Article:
By Dr. Loretta Lanphier, ND, CN, HHP, CH

What is Hyperthyroidism?

Hyperthyroidism is a condition characterized by the overproduction of hormones by the thyroid. This small bow tie-shaped gland weighs less than an ounce, but it’s a real heavyweight when it comes to impacting our health. The thyroid is responsible for the body’s metabolism, and plays a key role in many critical functions such as heart rate, respiration, and digestion. In a sense, the thyroid and the hormones it produces are like the engine of the body. Our bodies cannot operate and stay alive without our thyroid.

Two important hormones are produced by the thyroid: triodothyronine (T3) and thyroxine (T4). The “T” numbers refer to the number of atoms in each respective molecule. T4 is the major player, and literally influences every cell of the body. These hormones are responsible for such critical functions as enabling the cells to absorb oxygen, and the manufacture of the protein ribonucleic acid (RNA), which is so important to genetic functions. Another hormone released by the pituitary, a pea-sized gland located at the base of the neck, is called thyroid stimulating hormone (TSH). The main function of TSH is to regulate the amount of T3 and T4 that the thyroid produces. If the thyroid produces too much T3 and T4, despite the policing action of TSH, then hyperthyroidism occurs and the result is an abnormal increase in the body’s metabolism. This can result in many health problems, both physical and mental.

The term hyperthyroidism can be applied to any disease which cause’s abnormally high levels of thyroid hormones. Hyperthyroidism goes by many names, including: thyrotoxicosis, diffuse toxic goiter, Graves’ disease (the most common form of hyperthyroidism), Basedow’s disease, and Parry’s disease. Hyperthyroidism is about ten times more likely to affect women than men. It is found in about one out of every 1000 women in the United States. Most cases occur in individuals over the age of 15, but it occasionally is passed to newborns from mothers with Graves’ disease (neonatal Graves’ disease), or in a form called occult hyperthyroidism that is found primarily in senior citizens over the age of 65.

What Are the Symptoms of Hyperthyroidism?

There are many signs that are associated with hyperthyroidism. Some of the most common are:

  • Sudden weight loss, often accompanied by increased appetite and increased intake of calories.
  • Nervousness
  • Restlessness
  • Confusion
  • Irritability
  • Anxiety and/or anxiety attacks
  • Profuse sweating
  • Tremors, usually in the hands and fingers
  • Shortness of breath
  • Fatigue
  • Muscle weakness
  • Heart palpitations, or irregular heartbeat (arrhythmia), or rapid heartbeat (tachycardia).
  • Difficulty sleeping
  • Increased sensitivity to heat
  • More frequent bowel movements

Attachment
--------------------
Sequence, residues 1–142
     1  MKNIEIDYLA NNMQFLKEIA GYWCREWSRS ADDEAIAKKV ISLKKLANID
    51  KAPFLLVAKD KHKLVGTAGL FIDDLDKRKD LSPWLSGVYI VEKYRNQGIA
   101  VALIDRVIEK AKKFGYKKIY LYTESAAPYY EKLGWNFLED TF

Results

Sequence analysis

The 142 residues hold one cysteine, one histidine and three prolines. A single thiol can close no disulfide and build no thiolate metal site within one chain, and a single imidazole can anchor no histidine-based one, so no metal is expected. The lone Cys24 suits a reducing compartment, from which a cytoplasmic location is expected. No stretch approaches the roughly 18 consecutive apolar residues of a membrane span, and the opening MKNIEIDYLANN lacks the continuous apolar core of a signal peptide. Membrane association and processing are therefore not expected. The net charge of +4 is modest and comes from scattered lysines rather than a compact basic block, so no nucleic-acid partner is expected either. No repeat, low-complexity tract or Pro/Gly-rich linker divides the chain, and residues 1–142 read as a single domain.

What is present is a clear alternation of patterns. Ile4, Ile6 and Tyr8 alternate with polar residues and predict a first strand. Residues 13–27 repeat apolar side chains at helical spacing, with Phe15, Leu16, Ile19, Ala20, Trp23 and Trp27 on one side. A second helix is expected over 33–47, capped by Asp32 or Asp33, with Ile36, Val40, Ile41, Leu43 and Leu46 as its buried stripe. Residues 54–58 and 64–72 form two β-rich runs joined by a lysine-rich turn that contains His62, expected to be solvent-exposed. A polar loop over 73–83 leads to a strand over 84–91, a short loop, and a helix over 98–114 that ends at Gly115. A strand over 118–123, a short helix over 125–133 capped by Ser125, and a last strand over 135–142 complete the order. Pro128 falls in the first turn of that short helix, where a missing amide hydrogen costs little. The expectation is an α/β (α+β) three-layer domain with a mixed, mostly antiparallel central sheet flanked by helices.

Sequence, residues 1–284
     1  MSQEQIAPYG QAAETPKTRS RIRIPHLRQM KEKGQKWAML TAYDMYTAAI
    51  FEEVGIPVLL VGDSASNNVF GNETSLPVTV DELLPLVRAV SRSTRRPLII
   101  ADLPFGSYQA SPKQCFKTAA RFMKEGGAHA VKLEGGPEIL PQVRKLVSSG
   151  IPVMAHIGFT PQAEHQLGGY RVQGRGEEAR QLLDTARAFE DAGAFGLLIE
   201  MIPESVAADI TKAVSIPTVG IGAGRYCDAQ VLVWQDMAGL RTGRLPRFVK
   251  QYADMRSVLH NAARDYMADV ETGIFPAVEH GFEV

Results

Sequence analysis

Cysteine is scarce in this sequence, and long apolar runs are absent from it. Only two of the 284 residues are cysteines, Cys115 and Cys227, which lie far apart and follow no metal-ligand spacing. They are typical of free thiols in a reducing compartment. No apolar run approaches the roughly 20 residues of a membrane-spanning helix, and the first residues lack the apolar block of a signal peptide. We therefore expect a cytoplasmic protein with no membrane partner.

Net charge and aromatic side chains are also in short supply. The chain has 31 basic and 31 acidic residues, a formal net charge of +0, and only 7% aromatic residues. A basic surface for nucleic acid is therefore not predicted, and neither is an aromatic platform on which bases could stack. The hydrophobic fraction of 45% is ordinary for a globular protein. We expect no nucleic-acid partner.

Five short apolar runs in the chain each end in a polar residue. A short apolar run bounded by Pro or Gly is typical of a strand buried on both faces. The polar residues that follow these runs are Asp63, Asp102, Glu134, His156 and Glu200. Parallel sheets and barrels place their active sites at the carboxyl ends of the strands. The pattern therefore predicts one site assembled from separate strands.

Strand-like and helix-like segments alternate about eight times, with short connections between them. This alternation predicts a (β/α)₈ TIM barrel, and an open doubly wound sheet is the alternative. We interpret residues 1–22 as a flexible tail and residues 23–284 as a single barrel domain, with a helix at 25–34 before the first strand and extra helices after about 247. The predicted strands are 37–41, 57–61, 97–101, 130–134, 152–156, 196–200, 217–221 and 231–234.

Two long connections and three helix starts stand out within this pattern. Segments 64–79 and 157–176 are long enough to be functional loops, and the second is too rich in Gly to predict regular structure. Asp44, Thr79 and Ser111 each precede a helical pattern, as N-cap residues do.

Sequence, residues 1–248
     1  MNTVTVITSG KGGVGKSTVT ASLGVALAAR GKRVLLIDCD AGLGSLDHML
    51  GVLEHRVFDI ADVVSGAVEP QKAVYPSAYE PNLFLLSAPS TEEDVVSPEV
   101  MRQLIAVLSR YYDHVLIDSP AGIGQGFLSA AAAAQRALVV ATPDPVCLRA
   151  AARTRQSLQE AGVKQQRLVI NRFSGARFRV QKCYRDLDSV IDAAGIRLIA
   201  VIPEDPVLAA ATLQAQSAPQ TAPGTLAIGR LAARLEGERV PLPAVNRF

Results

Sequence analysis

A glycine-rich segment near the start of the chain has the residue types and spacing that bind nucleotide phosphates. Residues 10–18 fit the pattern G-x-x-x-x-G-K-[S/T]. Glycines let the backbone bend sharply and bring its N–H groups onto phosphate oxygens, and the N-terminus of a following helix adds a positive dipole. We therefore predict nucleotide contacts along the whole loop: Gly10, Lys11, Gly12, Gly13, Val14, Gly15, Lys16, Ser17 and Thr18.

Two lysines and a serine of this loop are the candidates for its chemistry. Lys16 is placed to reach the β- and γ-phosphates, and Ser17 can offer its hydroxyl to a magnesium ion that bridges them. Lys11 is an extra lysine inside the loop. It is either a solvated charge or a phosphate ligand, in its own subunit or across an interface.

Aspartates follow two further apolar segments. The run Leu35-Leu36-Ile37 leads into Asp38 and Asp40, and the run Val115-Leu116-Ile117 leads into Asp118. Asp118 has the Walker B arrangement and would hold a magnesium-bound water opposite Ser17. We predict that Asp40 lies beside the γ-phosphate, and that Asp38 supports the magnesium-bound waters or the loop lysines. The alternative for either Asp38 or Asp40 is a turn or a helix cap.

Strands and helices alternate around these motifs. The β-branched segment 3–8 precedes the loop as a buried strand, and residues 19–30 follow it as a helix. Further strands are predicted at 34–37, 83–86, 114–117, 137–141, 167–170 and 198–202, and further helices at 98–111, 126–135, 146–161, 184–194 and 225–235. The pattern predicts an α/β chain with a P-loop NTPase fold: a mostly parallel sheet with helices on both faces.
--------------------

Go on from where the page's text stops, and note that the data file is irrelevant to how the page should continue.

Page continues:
• Irregular menstrual cycles and/or decreased menstrual flow
  • Enlarged thyroid (goiter) that appears as swelling at the base of the neck.
  • Graves’ ophthalmopathy (bulging eyes that may be red and swollen; excessive teariness; blurred vision; increased light sensitivity).

Many times patients will have very few symptoms, and it may take years for them to become noticeable. Elderly patients can be particularly difficult to diagnose, as their symptoms may be minimal and easily mistaken for other conditions. They often will experience fatigue during normal activities, increased sensitivity to heat, and rapid heart rate.

Thyroid storm is an acute form of hyperthyroidism that can manifest itself suddenly. It may show the typical symptoms as well as fever, confusion, emotional swings, and in severe cases psychosis or even coma.

What Causes Hyperthyroidism?

The defining characteristic of hyperthyroidism is excessive amounts of thyroid hormones. There are several common ways that this occurs:

  • Graves’ disease is the most common type of hyperthyroidism. Graves’ is actually an autoimmune disease whereby the immune system mistakenly identifies the thyroid as an invader to be attacked. It sends out antibodies to wage war against the thyroid as if it were a virus or bacteria. The antibodies can damage the thyroid and result in hyperthyroidism. Graves’ sometimes afflicts the skin on your lower legs and/or at the back of your eyes. Researchers have not yet identified the exact cause of Graves’ disease.
  • Thyroiditis:  This is simply a fancy name for an inflamed thyroid gland. The inflammation, often for unidentified reasons, causes hormones that are normally stored in the gland to leak into your system. Most forms of thyroiditis are painless, except for a rare type calledsubacute thyroiditis. Thyroiditis is somewhat common in women after pregnancy (postpartum thyroiditis).
  • Hyperfunctioning thyroid nodules:  Sometimes individuals will develop a growth within the thyroid called an adenoma. These are usually benign lumps that become walled off from the main body of the gland, and may cause swelling of the thyroid, as well as the production of abnormally high levels of hormones. Scientists are still puzzled by what causes these nodules, and as to why they cause hyperthyroidism. This condition is also known as toxic adenoma, toxic multinodular goiter, and Plummer’s disease.

What Complications Can Occur Due to Hyperthyroidism?

Hyperthyroidism, if left untreated, can lead to several common complications:

  • Heart problems: Serious heart conditions can result from unchecked hyperthyroidism. One of the worst is called congestive heart failure. This is a dangerous disorder whereby the heart cannot pump sufficient amounts of blood to meet the needs of the body. Atrial fibrillation is another possible coronary complication that is a heart rhythm disorder. Tachycardia (rapid heart beat) can also result from hyperthyroidism.